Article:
Those who have been raised and lived their whole lives in cities, and never ventured beyond them, can be awed when they first encounter another landscape – the sweeping plains of the Australian Outback or the American Midwest, or a first glimpse of the ocean, or a mountain range.
Similarly those who have only known isolated towns or villages can be almost overwhelmed at the vast cities created by modern architecture and engineering.
The landscape of the mind is no less great, no less powerful, and no less complicated, than the widely varied physical environments that make up the magnificent planet on which we live.
Observing the High Holy Days is largely about taking the time to explore that internal landscape. We are told to perform cheshbon nefesh, literally an accounting of the soul. But it can be so much more than the ancient idea of reviewing our deeds to identify the bad ones that need repentance.
If it were that simple, then the penitential prayers that some Jews say on a daily basis would be more timely and entirely adequate. We wouldn't also need to spend Yom Kippur on it, let alone the entire penitential period.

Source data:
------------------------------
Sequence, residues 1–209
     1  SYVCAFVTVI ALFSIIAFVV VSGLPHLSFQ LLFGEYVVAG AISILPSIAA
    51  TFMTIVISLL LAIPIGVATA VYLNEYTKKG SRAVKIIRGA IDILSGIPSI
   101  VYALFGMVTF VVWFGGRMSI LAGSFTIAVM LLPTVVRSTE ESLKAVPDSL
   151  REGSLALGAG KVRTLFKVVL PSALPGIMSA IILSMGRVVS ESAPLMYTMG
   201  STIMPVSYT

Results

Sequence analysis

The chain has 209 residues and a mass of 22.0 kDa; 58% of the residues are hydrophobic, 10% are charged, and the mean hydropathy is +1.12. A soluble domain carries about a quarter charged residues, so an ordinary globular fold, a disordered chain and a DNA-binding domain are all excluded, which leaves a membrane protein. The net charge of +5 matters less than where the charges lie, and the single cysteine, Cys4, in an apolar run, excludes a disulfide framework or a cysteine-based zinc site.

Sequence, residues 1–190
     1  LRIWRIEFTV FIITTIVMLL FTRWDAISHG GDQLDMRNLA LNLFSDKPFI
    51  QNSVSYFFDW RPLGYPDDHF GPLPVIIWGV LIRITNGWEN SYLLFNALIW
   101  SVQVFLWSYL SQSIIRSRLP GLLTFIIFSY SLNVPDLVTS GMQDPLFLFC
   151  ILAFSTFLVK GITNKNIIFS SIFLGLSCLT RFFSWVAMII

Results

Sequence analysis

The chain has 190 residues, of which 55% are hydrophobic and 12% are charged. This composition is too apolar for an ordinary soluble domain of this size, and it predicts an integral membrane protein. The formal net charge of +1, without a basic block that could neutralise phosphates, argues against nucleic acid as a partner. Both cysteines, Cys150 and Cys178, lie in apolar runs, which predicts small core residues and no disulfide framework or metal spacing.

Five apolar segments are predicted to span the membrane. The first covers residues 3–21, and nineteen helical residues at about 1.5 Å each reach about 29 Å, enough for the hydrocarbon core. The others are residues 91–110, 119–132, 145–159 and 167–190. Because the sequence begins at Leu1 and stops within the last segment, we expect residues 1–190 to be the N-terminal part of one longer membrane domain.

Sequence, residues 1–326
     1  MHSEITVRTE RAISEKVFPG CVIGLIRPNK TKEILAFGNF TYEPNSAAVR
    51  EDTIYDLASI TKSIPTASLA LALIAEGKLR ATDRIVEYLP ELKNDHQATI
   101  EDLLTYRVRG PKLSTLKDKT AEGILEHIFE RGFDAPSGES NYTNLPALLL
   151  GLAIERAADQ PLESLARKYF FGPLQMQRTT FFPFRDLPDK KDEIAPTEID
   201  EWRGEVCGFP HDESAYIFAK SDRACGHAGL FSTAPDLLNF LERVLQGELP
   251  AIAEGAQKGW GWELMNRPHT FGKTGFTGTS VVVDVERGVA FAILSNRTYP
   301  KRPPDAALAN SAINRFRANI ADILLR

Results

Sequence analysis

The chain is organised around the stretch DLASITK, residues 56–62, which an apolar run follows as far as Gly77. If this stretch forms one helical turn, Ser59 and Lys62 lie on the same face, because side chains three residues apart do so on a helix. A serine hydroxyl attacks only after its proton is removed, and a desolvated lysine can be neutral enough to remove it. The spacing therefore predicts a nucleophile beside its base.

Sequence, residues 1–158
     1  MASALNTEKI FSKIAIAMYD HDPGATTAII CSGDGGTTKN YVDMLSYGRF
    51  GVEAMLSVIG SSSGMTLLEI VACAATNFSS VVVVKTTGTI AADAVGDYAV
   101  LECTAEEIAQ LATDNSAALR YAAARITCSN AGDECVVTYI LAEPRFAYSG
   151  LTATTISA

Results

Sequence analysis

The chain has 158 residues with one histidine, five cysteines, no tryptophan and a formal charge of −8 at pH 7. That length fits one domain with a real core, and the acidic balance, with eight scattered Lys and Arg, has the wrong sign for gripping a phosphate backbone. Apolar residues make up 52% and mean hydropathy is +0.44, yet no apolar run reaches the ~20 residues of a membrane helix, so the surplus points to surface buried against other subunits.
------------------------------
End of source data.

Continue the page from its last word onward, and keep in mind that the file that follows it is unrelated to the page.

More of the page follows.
As we go about our lives, day by day, we accumulate little changes, learn little lessons (and sometimes big ones, but even these take time to “sink in”). From one day to the next it is hard to see any difference. A year is probably long enough to see how our experience has changed us, how we might have grown. From one year to another, we can hope to find something fresh, something new, something better in us that wasn't there a year ago, or perhaps was there but wasn't as strong. We might also find things within us that aren't better, resentments or greed or jealousies for example, that we didn't have before, or perhaps weren't ready to acknowledge.
So instead of daily penitential prayers, once a year we need to do so much more. Then we are truly in a position to resolve to be better in the year to come, no matter what it may bring.
-- Cantor David Bentley, Temple Shalom, Gold Coast Queensland
Click on the sound file below to listen to Rabbi Gersh Lazarow sounding the shofar: